Southfield, Michigan (PressExposure) April 19, 2008 -- Markwei Boye is the CEO and owner of Smart Financial Advisors, PLLC, an independent personal financial planning and investment advisory firm. He holds a Bachelors of Science degree in Finance from the University of Detroit Mercy, a Masters in Business Administration (MBA) from Wayne State University and recently completed his coursework for his doctorate degree in Business Management from Argosy University of Chicago. He is a member of the Registered Financial Planning Institute, National Association of Enrolled Agents, National Association of Tax Professionals and National Society of Accountants.
Budgeting can be simple or complex, based on your income and lifestyle. Regardless of the complexity, you must develop a budget that pays you first if you wish to save and invest. Here are four tips that can help you proceed down the road to healthier financial times:
Evaluate What You Spend. Begin the process by recording all your expenses. Start with living expenses including rent or mortgage, utilities and taxes. Add services, such as child daycare, then follow with necessities like food, clothing, medical expenses, and insurance costs. Remember to include entertainment, even if only a night at the movies and the cost of a babysitter. At this point, most lists end, but you must add one more line labeled "my investments and savings." If you treat investments and savings as an expense, which needs to be made on a weekly or monthly basis, you are a lot closer to setting money aside not only for your most important expenses, but also for yourself.
Allocate Income in Terms of Percentages. Determining what percentage of your income is allocated to each expense is critical to your success in developing a budget. Trimming expenses a little bit at a time vs. large cuts taken all of a sudden will be much easier to manage. By categorizing expenses as either fixed or flexible, you can determine where percentage cuts can be made. Remember, you have discretion over flexible expenses, but not over those that are fixed, and it is generally flexible expenses that erode earnings.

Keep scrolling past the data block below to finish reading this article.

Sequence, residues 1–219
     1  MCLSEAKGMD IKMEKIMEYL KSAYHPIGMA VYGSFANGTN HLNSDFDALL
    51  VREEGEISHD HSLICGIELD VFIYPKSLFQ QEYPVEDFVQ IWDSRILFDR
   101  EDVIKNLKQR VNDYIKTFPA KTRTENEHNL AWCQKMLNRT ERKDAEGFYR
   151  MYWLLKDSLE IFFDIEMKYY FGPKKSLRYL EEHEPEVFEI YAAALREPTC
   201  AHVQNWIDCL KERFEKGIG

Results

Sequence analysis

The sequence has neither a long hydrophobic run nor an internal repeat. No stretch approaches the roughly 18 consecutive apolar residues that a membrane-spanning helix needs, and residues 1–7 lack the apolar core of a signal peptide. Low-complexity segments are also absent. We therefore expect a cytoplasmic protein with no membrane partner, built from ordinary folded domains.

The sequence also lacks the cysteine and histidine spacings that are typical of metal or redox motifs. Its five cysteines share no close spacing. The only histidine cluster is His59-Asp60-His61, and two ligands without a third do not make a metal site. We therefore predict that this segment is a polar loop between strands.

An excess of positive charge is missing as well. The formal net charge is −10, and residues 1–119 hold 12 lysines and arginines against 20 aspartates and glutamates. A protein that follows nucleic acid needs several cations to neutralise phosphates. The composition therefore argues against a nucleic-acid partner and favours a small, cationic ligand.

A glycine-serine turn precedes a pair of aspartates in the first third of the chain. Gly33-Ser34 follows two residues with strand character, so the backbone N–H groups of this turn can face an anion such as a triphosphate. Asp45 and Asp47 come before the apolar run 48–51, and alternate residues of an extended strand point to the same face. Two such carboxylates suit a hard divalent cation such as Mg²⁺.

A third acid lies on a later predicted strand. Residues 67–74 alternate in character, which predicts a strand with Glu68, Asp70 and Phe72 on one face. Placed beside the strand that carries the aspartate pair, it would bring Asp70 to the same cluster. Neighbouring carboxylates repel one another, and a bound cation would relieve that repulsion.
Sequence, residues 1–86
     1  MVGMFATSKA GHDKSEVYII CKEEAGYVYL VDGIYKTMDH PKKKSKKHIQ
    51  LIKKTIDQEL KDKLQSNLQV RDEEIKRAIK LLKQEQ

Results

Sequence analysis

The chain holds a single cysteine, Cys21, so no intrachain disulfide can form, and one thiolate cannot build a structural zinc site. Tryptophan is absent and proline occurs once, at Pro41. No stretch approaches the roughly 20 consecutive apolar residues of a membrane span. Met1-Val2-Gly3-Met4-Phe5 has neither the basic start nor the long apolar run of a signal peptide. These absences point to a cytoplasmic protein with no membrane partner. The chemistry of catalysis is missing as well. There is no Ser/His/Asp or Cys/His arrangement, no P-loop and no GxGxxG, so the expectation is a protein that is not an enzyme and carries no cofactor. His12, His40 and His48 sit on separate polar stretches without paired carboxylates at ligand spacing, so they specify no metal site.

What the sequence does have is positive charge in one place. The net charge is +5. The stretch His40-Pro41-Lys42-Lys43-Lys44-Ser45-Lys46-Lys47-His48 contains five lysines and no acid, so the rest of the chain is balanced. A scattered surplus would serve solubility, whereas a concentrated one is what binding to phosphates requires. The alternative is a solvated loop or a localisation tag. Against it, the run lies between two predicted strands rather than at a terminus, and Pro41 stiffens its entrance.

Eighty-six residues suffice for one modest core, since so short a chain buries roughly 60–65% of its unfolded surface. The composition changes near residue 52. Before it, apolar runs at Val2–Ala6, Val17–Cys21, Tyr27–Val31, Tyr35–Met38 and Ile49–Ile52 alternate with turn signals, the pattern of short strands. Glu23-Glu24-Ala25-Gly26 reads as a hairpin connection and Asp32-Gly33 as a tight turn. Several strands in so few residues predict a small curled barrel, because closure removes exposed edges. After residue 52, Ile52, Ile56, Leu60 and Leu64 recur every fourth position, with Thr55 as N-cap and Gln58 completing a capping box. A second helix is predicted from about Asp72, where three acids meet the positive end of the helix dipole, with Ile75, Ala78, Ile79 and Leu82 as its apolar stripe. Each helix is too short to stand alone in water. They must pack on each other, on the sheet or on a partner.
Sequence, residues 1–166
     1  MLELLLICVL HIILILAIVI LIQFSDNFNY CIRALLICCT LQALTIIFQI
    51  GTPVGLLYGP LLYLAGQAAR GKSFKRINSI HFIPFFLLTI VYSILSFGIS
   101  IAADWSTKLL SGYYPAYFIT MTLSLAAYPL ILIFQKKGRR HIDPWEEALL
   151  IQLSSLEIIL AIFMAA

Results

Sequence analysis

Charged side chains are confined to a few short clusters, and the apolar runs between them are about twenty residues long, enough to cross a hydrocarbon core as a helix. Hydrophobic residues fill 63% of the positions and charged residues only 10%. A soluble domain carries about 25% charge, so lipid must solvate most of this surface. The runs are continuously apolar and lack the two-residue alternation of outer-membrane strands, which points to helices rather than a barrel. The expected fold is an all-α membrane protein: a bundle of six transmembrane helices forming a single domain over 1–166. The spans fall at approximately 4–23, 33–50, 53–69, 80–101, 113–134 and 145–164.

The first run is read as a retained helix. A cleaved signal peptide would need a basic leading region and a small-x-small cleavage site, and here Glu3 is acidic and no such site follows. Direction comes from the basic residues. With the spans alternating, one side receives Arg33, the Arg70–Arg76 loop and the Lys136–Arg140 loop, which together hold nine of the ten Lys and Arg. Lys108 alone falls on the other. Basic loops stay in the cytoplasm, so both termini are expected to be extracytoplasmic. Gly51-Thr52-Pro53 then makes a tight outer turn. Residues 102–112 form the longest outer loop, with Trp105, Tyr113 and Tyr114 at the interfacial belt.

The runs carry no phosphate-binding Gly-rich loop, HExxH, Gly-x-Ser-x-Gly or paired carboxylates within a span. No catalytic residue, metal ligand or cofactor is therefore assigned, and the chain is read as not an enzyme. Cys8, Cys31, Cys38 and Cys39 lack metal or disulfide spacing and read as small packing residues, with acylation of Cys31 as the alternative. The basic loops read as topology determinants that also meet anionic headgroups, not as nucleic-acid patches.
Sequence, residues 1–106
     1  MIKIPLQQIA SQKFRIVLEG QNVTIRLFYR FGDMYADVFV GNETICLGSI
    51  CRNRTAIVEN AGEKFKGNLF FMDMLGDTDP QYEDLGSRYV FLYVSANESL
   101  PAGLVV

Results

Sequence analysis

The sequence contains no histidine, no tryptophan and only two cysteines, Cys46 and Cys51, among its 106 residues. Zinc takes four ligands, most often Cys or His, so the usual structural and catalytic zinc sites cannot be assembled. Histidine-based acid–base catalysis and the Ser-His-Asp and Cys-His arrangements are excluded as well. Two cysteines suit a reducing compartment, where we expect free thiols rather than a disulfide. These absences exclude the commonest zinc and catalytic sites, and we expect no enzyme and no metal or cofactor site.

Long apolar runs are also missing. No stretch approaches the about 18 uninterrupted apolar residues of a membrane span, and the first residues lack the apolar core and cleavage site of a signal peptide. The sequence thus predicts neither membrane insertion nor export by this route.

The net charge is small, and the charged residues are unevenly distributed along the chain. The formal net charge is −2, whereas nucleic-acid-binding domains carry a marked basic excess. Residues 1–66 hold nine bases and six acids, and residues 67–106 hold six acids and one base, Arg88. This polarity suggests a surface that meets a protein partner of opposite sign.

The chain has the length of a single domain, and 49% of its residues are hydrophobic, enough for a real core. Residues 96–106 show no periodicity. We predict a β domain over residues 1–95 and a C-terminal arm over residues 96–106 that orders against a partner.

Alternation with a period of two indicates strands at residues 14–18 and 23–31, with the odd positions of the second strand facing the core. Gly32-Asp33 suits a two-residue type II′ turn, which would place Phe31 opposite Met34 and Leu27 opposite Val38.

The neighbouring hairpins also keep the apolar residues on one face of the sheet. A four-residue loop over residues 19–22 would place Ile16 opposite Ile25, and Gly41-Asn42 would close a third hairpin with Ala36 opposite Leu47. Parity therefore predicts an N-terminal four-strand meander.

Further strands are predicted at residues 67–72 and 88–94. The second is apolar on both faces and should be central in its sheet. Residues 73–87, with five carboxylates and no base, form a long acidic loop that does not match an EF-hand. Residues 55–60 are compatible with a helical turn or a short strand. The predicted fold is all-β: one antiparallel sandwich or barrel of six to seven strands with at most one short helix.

Set Up Spending Priorities. Ranking expenses is your next step. You can then eliminate the unimportant items, which in itself may be enough to allow the beginning of a modest investment and savings program. If youâre still not where you wish to be, you may need to eliminate some of the moderately important expenditures.
Pay Yourself First. You should now be able to pay yourself first. To do so, you should get into the habit of writing out a check to a special account rather than leaving the amount in your regular checking account. What type of special account you use depends on how much you have. If you begin with two hundred dollars, it might be a savings account or money market fund. If you are retirement-minded, and you qualify, contributions to an Individual Retirement Account (IRA) might better suit your needs.
In addition, most insurance companies and mutual funds have established monthly checking account deduction plans that allow you to make a regular contribution of a fixed amount each month to a wide variety of funding choices. This method can help establish a more disciplined approach to savings.
A periodic review of your budget, with the understanding that you must always make room to pay yourself first, is important to your long-term financial success. Visit [http://smartfinancialadvisors.com/] to learn more.